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Hedge Fest 2008

Sian Claire Owen donned her Aran jumper, grabbed a pipe and fiddle, and went to investigate this pioneering Nu-Folk festival

Published on August 6th 2008.


Hedge Fest 2008

Summer festivals. Can’t live with them, can’t live without them. We pay through the nose for the privilege of standing in a muddy field to watch mediocre bands, drink overpriced luke-warm lager, and endure toilet facilities of unspeakable horror. But it doesn’t have to be that way.

People expecting folksy ‘Molly-wants-a -fondle-in-the-lido’ numbers were sorely disappointed. Contemporary folk has as much unrequited love, tragically avoidable deaths, incest and murder ballads as traditional folk, but, let’s face it, it's cooler.

We all know that there are plenty of alternative mini-fests cropping up in response to the ‘Festivals-R-Us’ format (ie mega-corporate, mega-expensive, and mega-predictable), and Manchester’s Hedge Fest, held this weekend at Saint Margaret’s Church in Whalley Range, was no exception.

Featuring the crème-de-la-crème of the Nu-Folk scene and ram-packed with folky-fashionistas, Hedge Fest 2008 had oodles of atmosphere, great food, wine and beer, kids' workshops, and most importantly a seriously impressive line-up. And all for £13.

'Prick your finger, fall down a well'

People expecting folksy ‘Molly-Wants-A-Fondle-in-the-Lido’ numbers were sorely disappointed. Contemporary folk has as much unrequited love, tragically avoidable deaths, incest and murder ballads as traditional folk, but, let’s face it, it's cooler. The artists often blur the lines between traditional folk and electronica, and probably cause purists to choke on their pints of Tetley Mix. Think Hoxton meets Rod, Jane and Freddy and you’re near the mark.

Throughout the day the bands were up close and personal, and the punters were totally appreciative. Manchester acts Bone-Box and Aidan Smith were among those who appeared. Most of the performances took place inside a spooky old church, which probably helped; any heckling may have resulted in a swift bolt of lightning from above.

'Johnny shot his girlfriend 'cause he mistook her for a swan'

Hedge Fest 2008 is an extension of the regular acoustic night held every third Friday at The Carlton in Whalley Range. Local folkster, Jo Thomas, is the brainchild behind these happenings.

“I’ve always wanted to do a mini-festival, being a keen festival-goer myself,” she explains. “It’s great because there’s so much talent in Manchester, it provides an opportunity for musicians to perform to a wider audience.”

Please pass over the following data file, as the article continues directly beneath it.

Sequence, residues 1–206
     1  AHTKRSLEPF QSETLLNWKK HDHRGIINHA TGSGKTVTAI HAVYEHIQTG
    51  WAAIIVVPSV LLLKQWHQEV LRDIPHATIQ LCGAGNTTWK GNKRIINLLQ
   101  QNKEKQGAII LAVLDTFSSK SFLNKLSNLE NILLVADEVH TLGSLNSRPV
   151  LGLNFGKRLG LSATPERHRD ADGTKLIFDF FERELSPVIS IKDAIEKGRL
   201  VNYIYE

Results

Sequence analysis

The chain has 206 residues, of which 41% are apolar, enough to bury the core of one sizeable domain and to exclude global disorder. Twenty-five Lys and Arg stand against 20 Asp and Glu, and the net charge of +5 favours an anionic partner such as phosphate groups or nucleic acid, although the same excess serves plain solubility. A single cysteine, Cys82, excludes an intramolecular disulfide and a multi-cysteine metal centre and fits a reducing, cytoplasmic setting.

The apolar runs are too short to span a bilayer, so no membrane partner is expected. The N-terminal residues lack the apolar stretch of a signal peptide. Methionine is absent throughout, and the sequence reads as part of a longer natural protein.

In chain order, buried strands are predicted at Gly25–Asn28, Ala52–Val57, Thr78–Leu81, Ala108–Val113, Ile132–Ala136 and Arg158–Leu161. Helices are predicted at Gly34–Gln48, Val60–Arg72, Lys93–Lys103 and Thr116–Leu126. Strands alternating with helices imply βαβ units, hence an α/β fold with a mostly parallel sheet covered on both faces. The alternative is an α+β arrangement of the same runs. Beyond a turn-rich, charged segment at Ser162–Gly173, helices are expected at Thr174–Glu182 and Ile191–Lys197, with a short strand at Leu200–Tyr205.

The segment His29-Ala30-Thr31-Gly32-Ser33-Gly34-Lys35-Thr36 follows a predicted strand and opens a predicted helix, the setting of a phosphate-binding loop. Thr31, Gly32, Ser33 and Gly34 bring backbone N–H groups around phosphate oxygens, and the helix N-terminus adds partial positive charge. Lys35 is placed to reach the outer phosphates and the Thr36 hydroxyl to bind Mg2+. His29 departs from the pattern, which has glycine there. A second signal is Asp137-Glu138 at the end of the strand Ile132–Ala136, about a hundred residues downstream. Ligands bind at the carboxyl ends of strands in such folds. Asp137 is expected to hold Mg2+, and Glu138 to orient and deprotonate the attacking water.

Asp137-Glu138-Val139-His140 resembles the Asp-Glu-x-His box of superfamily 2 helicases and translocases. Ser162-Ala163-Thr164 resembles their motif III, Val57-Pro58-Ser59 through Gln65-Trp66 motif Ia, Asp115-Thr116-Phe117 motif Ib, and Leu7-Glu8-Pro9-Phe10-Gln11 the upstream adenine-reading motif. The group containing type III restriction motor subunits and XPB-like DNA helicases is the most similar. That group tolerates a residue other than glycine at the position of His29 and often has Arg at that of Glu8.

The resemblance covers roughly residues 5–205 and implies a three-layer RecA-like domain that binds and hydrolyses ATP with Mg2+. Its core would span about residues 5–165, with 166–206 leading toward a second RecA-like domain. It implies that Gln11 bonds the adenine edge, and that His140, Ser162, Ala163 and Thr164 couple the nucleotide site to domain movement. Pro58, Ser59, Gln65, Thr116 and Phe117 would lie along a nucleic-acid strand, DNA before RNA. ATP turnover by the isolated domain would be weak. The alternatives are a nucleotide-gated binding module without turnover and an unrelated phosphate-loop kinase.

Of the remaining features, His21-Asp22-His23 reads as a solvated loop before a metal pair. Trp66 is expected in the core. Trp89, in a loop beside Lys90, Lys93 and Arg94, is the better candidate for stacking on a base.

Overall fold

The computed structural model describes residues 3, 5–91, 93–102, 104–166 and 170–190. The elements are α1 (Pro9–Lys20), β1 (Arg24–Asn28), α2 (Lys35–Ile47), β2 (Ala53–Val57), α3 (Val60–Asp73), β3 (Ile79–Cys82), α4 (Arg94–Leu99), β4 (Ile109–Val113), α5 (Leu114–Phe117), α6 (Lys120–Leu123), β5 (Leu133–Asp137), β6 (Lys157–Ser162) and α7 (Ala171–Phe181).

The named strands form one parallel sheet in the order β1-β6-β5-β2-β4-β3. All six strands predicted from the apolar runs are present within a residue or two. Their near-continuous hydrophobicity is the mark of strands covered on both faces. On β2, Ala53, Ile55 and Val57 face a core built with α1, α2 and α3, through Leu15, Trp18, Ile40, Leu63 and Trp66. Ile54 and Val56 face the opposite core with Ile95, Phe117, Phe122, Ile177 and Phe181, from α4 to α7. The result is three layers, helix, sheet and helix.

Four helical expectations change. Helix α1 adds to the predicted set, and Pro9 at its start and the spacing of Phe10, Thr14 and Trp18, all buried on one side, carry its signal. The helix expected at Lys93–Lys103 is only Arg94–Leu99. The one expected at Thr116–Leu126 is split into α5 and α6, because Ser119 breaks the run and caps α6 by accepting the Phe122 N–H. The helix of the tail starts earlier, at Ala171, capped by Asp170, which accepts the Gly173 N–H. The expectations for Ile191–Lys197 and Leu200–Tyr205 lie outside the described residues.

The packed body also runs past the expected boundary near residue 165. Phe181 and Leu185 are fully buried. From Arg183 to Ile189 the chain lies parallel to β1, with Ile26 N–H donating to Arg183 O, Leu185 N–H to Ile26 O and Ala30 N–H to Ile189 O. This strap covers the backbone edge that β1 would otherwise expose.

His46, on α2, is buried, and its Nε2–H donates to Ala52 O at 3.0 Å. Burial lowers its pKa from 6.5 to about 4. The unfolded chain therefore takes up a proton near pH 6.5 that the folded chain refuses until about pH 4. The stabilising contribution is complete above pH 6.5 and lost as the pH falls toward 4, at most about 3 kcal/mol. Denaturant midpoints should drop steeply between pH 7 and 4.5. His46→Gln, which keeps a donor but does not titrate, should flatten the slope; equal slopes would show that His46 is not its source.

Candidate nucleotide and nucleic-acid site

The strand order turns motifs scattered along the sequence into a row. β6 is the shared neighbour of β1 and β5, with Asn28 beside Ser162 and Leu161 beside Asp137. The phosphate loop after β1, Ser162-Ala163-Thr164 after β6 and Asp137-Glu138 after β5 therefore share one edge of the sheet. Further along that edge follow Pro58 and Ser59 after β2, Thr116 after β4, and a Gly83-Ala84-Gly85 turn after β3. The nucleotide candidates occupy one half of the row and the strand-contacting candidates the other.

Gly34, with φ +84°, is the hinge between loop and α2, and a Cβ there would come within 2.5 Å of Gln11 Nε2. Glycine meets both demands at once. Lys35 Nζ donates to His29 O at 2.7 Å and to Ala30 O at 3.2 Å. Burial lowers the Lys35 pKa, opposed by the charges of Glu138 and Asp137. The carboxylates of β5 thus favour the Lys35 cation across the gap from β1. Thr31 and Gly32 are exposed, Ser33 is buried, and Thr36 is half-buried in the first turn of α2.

But hold on, isn’t folk exclusively for bearded men who sing sea shanties? Well, there were certainly some impressive bouts of facial hair knocking about, but less bearded women than you’d expect from your average folk festival.

“Hedge Fest certainly appeals across the board,” says Thomson. “I think that stems from people coming away from the dance music and DJ scene, and craving something a bit more rootsy, certainly in Manchester anyway.”

'Young Sally went away to sea, disguised as a cabin boy'

Most of the bands that played are well known on the Nu-Folk scene but are largely obscure to the world at large. And this was arguably the best aspect, because the festival became a goldmine of musical discovery.

To embrace one's inner Spinal Tap, the people worshipped at the Alter of (Folk) Rock while the artists cranked it up to 11. And when virtuoso guitarist John Smith announced to the congregation that he “loved the bit at the end of the Bible where the writer was on acid” there was a wave of suppressed sniggering followed by an urge to find the nearest confessional booth. People felt naughty, it was a delightfully odd experience.

'The rich lord's wife has run away with the gypsies, so saddle up his finest horse'

All in all, Hedge Fest 2008 was a beautiful day out, man. Kiddies and grown-ups alike basked in the shadow of Saint Margaret’s Church, listened to exceptional music, and were all very nice and friendly to each other.

No crowds, no drunken idiots, no nose-bleed-inducing dance tents. Just lovely music, great food, and good company. And so as the sun set over Whalley Range, onlookers and artists alike made their way back home; contented and happy that their faith in the spirit of music festivals had been fully restored.

For more information on Hedge events, visit: myspace.com/hedgefolk

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AnonymousAugust 6th 2008.

I agree with all that was said in your article about Hedgefest. However, it should have been much more commumity orientated. The price of £15 on the door was outrageously expensive. It makes you wonder who was making a quick buck out of what should have been a lovely day out for local & non-local people.It was a lovely event, but should it have been so exclusive? I'm not suggesting it should have been a full on festival, but perhaps the organisers should have looked to the successful Whalley Range Festival as their guide & not been so greedy money-wise.

EditorialAugust 6th 2008.

Thanks for pointing that out. We've corrected it now.

johnAugust 6th 2008.

Aaron jumper? Doh.

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